April 05, 2010
This weekend is the NCAA Frozen Four in Detroit. Leading up to this weekend's events, we're chatting with one player from each of the teams involved. Look for interviews through Thursday. Today, it's Jared DeMichiel, goaltender for the Rochester Institute of Technology who take on Wisconsin, Thursday at 5 p.m. ET.
Like Bemidji State a year ago, the Rochester Institute of Technology shook up the field at this year's NCAA hockey tournament.
Opening up against Denver University, the Tigers, led by goalie Jared DeMichiel's 39 saves, upset the top-seeded Pioneers in a 2-1 win. To earn their berth in the Frozen Four, RIT then dispatched the University of New Hampshire 6-2 behind Tyler Brenner's two goals and DeMichiel's 24 saves. His 63 saves in the tournament earned him the NCAA East Region Most Outstanding Player award.
This being the Tigers' first appearance in the NCAA tournament (or any Atlantic Hockey Association team for that matter), DeMichiel said the excitement level around the team and campus was still pretty high three days after their win over UNH to get to the Frozen Four.
Facing the top-ranked Wisconsin Badgers, RIT sees that as just another game against another team and not a David versus Goliath encounter. DeMichiel will be tested by Hobey Baker Award finalist (and Wednesday Puck Daddy interviewee) Blake Geoffrion and his good friend Michael Davies, whom he played with in the North American Hockey League with the Springfield Junior Blues. "I know they're well coached with Coach [Mike] Eaves and they've been a great program for many years. They'll definitely be a tough game as they're highly skilled and highly competitive."
Puck Daddy talked with DeMichiel last week about the growth of the RIT program, his social media presence and his love for the Hartford Whalers.
Q. Take me back to that first game against Denver. How soon did any nerves go away?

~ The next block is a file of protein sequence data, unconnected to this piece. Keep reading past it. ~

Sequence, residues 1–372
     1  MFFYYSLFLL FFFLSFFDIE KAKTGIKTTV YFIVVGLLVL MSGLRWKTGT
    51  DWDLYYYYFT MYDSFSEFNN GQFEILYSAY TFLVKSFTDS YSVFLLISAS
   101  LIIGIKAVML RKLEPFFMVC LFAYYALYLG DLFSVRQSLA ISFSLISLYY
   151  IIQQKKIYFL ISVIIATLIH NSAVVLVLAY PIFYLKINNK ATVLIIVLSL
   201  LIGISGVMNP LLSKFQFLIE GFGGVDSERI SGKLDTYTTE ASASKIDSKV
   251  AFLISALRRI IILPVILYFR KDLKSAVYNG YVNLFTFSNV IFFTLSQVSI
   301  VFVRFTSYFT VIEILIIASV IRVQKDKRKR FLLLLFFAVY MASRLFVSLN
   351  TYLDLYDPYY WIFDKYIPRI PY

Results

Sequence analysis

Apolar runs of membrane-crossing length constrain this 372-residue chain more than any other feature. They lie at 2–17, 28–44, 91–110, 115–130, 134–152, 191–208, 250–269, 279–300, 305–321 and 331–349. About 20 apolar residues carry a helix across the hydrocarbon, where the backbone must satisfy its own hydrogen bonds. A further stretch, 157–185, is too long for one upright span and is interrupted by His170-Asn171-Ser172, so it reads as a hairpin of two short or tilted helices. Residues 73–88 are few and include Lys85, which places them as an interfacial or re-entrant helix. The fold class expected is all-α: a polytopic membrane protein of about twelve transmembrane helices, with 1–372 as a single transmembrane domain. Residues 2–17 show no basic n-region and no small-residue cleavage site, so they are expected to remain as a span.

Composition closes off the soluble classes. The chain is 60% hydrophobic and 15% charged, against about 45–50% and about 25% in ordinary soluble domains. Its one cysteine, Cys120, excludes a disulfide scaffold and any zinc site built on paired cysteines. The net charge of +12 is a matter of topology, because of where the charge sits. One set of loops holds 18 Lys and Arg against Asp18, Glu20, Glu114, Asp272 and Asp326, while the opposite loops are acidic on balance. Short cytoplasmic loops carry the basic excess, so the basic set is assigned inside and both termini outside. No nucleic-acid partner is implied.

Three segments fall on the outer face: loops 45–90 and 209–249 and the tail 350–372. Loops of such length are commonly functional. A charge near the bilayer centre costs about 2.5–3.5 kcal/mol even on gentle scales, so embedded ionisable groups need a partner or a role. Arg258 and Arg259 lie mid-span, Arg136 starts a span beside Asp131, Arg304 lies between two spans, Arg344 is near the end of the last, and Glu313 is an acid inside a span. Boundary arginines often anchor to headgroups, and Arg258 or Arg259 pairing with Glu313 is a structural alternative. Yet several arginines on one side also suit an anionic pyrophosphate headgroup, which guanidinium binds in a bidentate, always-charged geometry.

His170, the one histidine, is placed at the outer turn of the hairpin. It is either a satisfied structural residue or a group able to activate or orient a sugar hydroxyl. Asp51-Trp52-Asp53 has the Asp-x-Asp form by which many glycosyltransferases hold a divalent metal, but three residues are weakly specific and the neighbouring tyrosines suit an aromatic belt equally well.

DeMICHIEL: I would say as soon as we stepped on the ice and did warm-ups, all the initial nerves were gone. It was no different than really any other game. There are a little bit of nerves, but once we get out on the ice and get our feet moving and take a couple of shots and [get] used to the atmosphere, it's just business as usual.
The team had a rough start to the year, then won seven in a row and now head into the Frozen Four with a 12-game winning streak. Did you make any adjustments early on to your game?
I think I had to make some adjustments mentally. All of us early on needed to a get a better understanding of our roles. This year's team is different than last year's team. Early on, we played well, we did start 0-5, but every one of those games I thought we could have won. I take the blame for most of those losses, but once we got a few wins under our belts and all of us understood our roles, things started to come a little bit easier as we worked harder on the ice.
I asked Matt Read of Bemidji State this question last year when they made their run to the Frozen Four, so I'll ask you since RIT has kind of taken that label: How strong is the feeling around the locker room that "Cinderella label be damned, we can win this thing"?
To be honest with you, we don't really think about being a Cinderella story.
I know some people last weekend said "David vs. Goliath". We honestly don't think about that. We focus on ourselves because we know how each other play and how well we could play. We're excited to get out there and compete and play hard for 60 minutes and we know if we play the best of our abilities, we'll be able to give Wisconsin a game or Denver a game or UNH a game.
You've been with RIT since their early days in Division I. What kind of growth have you seen within the program?
I think there's always been great fan support, but I think that the support now is at an all-time high. I think every single year we get better players as the team has been successful. The coaches do a great job here. Coach [Wayne] Wilson, Coach [Brian] Hills, Coach [Dave] Insalaco ... they work their tail off recruiting guys going all over. At the same time the program has evolved as guys know what it takes to be winners and what it takes to be a top-notch program and we know that we can't take a day off if we want to be a great college hockey team.
For those that don't know much about RIT, what's the student life like?
The fans, faculty and staff have always been extremely supportive of our hockey program, but it's definitely now at an all-time high.
When we returned Saturday night after beating UNH, there was a police escort for our bus and when we showed up there were hundreds of people, student, and alumni waiting there with signs. Even our president came out at two o'clock in the morning. Definitely shows that he's dedicated to our team and to the school. The students have been extremely supportive on campus, just walking around everyone's been very nice and congratulatory towards us and there's not much you can ask for. None of us expected this and we definitely appreciate all their support, it's a great feeling.